B.C. Starbucks co-workers replace stolen bike for Iraqi teen seeking asylum

B.C. Starbucks co-workers replace stolen bike for Iraqi teen seeking asylum

An 18-year-old from Iraq was working at Starbucks when he learned his bike was stolen from the patio

A day that started off terribly after a teen’s bike was stolen during his Starbucks shift has had a happy ending after all.

A bike gifted to Abdalla Ahmed by his foster parents was recently stolen while he was working at the coffee shop.

The 18-year-old came to Canada just over one year ago when he crossed the border from the United States to seek asylum from Iraq. He’s been living in a foster home ever since and his parents gave him the bike so he could get around.

On Aug. 30, Ahmed rode his bike to the Starbucks at 20151 Fraser Hwy. – where he has worked as a barista since July.

He locked his bike outside on the patio railing just before starting his shift at 4:30 a.m.

A few hours later a colleague of Ahmed’s went outside to the patio to set up the tables and chairs and discovered his broken bike lock.

“I told [my colleagues] whoever stole it might need it more than me,” Ahmed said.

READ MORE: Aldergrove residents fear criminals getting ‘braver’

He said the bike belonged to his foster dad, who had it for several years.

“I was really sad about it because it was a gift from my foster parents,” Ahmed said. “I was really unhappy and sad, but I tried not to show it.”

Ahmed was scheduled to work until 10:30 a.m. on that Friday, but his manager Krystal Ackermans asked him to stay an extra half hour – for good reason.

Before the end of his shift Ahmed had a new bike waiting for him and a way to get home.

“The bike was just around the $270 mark,” said Ackermans. “The entire team donated their weekly tips and I paid the difference.”

Ahmed was emotional because he hasn’t been with the coffee shop for very long, but Ackermans said it was the “right decision to make.”

“I was in tears. I cried,” said Ahmed. “I never really expected that.”

Although Ahmed graduated high school earlier this year he marked this moment as a highlight.

“It was one of the best things to happen to me in 2019,” Ahmed smiled.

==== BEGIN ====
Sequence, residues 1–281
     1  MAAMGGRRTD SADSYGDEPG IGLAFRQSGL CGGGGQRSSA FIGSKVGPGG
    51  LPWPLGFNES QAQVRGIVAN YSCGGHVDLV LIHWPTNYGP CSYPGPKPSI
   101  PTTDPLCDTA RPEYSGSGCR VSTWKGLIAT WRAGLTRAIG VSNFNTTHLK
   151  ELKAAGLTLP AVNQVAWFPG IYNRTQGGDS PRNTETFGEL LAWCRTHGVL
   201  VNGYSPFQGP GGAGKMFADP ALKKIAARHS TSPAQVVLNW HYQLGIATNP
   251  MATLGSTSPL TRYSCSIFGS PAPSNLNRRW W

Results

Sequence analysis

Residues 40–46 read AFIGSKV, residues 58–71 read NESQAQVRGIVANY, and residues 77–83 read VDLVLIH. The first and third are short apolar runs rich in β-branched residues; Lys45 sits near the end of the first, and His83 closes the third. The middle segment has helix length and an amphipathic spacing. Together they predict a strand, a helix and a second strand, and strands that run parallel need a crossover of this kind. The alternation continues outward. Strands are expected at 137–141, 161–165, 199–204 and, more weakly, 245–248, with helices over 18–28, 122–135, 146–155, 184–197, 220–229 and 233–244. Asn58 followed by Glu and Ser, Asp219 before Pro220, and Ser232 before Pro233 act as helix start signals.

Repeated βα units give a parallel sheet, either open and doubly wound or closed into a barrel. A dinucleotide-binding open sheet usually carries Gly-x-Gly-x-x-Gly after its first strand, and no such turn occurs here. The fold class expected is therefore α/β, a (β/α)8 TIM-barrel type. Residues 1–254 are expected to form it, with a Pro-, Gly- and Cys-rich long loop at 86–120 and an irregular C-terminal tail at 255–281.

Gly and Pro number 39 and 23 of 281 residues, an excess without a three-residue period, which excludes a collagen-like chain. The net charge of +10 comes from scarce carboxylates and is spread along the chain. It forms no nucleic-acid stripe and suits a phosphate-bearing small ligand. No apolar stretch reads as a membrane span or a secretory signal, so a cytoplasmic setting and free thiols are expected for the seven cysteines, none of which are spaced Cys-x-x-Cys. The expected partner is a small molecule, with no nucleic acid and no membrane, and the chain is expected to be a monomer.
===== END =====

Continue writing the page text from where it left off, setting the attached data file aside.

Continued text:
Meanwhile, Ahmed is hoping to hear more good news.

Ahmed is an asylum seeker and is currently waiting for a response from the Refugee Appeal Division (RAD) in regards to his application.

Ahmed said he travelled to the United States in July 2018 with the Iraqi Young Leaders Exchange Program (IYLEP), a four-week summer exchange program where students travel across the United States to learn about American culture and develop leadership and community skills, according to its website.

While on the trip Ahmed said he received a phone call where he learned his life would be in danger if he returned to Iraq.

When IYLEP concluded Ahmed ran away from the group.

He left the hotel in Washington, D.C. where the youth group was staying and made his way to a train station where he purchased a ticket to New York City.

Ahmed said that was a random decision he made because he was just trying to get away from the group.

“I stayed on the streets in New York City for (the) night,” he said, tearing up. “It was really sad, and I didn’t know anybody and I didn’t have anyone there.”

READ MORE: Asylum seekers will wait up to two years for refugee claims to be processed

The next morning Ahmed said he took a train to Seattle.

“I couldn’t go home, otherwise I wouldn’t be here and take all those risks and sleep on the streets and be on a train for four days and cross illegally… it was the only option I had at that time,” he said.

Once arriving in Seattle, Ahmed said he crossed into Canada at 0 Avenue and 184th Street where he was intercepted by border officers and taken in for questioning.

“I didn’t have any passport or documents of my own. My program staff took all [our] passports from us,” he said.

From there social workers accompanied Ahmed to a foster home in Langley. He was admitted into Langley Secondary School and graduated earlier this year.

“It was pretty hard in the beginning for me to adapt to all the change,” he said.

Ahmed left a family behind in Iraq.

“It was really hard for [my mom] to show her support… we really had a good connection,” he said. “She still sometimes cries when we video call.”

Ahmed’s original application to gain refugee status in Canada was denied, and he has now appealed the decision and is awaiting final word from the government.



joti.grewal@blackpress.ca

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Abdalla Ahmed at his Langley Secondary School graduation (Special to the Langley Advance Times)

Abdalla Ahmed at his Langley Secondary School graduation (Special to the Langley Advance Times)

Abdalla Ahmed with his new bike gifted to him by his colleagues at Starbucks. (Joti Grewal/Black Press Media)

Abdalla Ahmed with his new bike gifted to him by his colleagues at Starbucks. (Joti Grewal/Black Press Media)

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